There’s never enough ways to thank our fathers. So much of their work and effort for us goes largely unnoticed, but there’s no father out there who doesn’t sacrifice out of love for their children. Having one day to celebrate them is more about having a day to reflect on this and show appreciation. Undoubtedly, fathers are the ultimate influencers. On that note, I made myself a large cappuccino and thought of all the ways my dad and other father figures have shaped me for the best. 


For starters, my dad taught me to wake up early and work. He did it with the warmth and gentleness little girls need as we would make cappuccinos and get our to-do list all set in a spiral notebook (my dad’s favorite type of notebook). This is a habit I keep up to this day. 


It's not much different for coffee farmers, especially during summer breaks. Most coffee farmers don’t start their day with coffee (more on that on this blog), but they rise early and bring their children to work. Much about childhood at coffee farms is about apprenticeship and service. Fathers don’t only teach the work ethic, but the technicalities of growing good coffee. There’s many institutions and governmental organizations dedicated to protecting the craft of growing coffee, given that it is such a high maintenance crop and the harvesting requires a skill level that’s difficult to transfer. And yet, these organizations have concluded that the best way to protect the craft is by simply protecting family farms, where fathers have effectively transferred this skill for generations.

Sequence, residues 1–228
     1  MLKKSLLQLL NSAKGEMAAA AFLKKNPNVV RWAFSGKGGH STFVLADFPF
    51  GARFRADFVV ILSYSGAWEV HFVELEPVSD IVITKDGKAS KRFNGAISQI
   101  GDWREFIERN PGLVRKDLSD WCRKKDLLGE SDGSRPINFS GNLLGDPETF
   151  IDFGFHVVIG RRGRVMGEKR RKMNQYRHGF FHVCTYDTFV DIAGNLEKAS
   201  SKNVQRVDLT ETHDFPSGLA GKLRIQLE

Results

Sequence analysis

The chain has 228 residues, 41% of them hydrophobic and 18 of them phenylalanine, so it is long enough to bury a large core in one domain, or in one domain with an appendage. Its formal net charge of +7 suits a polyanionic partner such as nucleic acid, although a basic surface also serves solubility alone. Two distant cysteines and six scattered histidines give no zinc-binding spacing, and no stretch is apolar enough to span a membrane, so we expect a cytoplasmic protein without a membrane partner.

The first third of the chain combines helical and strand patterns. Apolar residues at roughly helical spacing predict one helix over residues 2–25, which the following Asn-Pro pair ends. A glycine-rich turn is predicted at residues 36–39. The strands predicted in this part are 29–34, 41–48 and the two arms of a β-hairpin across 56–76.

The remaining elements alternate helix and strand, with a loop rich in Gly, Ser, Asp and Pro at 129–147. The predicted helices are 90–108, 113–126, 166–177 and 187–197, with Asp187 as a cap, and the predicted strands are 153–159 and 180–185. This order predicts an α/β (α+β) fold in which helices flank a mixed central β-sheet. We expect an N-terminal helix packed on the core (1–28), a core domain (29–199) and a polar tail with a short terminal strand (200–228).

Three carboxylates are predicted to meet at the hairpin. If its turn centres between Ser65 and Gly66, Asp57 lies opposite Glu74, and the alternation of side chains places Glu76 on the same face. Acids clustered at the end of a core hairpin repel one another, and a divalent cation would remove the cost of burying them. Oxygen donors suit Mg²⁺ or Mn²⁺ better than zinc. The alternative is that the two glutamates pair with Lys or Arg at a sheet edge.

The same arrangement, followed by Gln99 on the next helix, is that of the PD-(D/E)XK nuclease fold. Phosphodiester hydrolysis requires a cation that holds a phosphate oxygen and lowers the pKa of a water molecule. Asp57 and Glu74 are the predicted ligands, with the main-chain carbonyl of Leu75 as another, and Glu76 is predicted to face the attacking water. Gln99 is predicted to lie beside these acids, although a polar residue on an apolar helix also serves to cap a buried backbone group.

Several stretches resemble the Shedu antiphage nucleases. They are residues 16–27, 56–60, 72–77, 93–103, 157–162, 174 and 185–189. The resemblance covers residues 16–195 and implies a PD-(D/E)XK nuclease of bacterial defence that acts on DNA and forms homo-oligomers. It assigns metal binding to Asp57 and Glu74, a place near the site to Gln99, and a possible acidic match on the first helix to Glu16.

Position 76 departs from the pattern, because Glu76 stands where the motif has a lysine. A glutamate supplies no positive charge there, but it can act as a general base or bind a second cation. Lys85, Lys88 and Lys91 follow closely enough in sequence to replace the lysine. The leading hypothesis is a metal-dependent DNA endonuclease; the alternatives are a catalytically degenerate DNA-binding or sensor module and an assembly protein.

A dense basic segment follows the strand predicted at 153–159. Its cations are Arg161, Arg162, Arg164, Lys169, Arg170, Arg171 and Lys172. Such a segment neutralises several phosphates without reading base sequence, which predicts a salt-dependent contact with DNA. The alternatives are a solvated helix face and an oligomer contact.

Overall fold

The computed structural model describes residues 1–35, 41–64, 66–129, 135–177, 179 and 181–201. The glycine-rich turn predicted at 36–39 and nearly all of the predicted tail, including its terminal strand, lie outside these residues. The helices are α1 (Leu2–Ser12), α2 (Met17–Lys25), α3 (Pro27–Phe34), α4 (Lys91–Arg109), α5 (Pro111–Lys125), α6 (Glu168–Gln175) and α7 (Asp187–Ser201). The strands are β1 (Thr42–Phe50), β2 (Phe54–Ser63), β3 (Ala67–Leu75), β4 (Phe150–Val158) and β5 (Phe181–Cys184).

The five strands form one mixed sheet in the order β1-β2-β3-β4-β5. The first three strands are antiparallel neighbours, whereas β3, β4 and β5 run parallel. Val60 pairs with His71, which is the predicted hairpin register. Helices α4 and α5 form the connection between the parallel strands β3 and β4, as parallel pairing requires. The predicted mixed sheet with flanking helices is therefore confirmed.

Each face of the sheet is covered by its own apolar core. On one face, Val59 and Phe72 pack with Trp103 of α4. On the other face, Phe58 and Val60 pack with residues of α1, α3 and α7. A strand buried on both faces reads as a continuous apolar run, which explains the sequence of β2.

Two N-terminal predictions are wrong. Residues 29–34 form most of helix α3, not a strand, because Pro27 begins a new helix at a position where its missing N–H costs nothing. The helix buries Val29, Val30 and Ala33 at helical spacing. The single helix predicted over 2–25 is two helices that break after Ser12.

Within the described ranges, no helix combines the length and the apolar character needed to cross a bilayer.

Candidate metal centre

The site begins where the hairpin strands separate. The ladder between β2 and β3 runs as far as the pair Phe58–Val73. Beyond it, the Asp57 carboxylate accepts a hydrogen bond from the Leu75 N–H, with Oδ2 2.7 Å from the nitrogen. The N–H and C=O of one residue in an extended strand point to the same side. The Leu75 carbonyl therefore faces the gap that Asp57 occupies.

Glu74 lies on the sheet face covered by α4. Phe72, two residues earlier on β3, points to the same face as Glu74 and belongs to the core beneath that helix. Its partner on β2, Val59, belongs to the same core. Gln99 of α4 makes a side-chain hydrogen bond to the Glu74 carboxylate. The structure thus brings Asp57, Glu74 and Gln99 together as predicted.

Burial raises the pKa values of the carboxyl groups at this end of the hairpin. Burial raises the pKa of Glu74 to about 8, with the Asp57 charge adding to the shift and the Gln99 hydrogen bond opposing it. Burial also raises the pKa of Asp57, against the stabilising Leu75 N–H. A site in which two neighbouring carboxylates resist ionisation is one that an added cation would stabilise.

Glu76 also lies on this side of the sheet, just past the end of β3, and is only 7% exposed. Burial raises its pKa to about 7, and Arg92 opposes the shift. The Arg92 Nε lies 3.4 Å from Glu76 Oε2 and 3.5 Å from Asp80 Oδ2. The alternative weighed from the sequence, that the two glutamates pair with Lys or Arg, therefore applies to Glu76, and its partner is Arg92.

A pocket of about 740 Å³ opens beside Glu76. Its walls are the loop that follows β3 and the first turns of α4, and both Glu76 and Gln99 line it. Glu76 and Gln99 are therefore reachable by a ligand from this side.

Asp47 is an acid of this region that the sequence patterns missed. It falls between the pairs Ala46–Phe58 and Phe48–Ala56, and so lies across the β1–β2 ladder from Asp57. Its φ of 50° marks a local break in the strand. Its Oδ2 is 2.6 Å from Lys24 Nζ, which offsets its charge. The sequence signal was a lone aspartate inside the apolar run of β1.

You can go to school and learn about the science of growing coffee, but much of the academia is a sort of report on what coffee farming families have developed. More on that here!


In addition to the transfer of skills, the understanding and pride over their work is passed down by fathers. A vast amount of coffee farmers have spent their whole lives around coffee farms and understand the unique values of their trade. They are grateful for the opportunity to work in this field and while they may not be personally recognized, their specific regions are as coffee is sold worldwide under regional labels. (What do you mean by regions?) 


Here at Guadalupe Roastery, we celebrate fathers everyday by honoring their work and sharing it with the world. Every time you purchase coffee from GR you are sponsoring the leadership of family men across coffee farms and the coffee industry as 60% of the world’s coffee is grown in family farms with less than 12 acres. 


I’ll leave you to think of that, as I head to the kitchen for a second cappuccino brewed with beans harvested through the skill, knowledge, and leadership of fathers.


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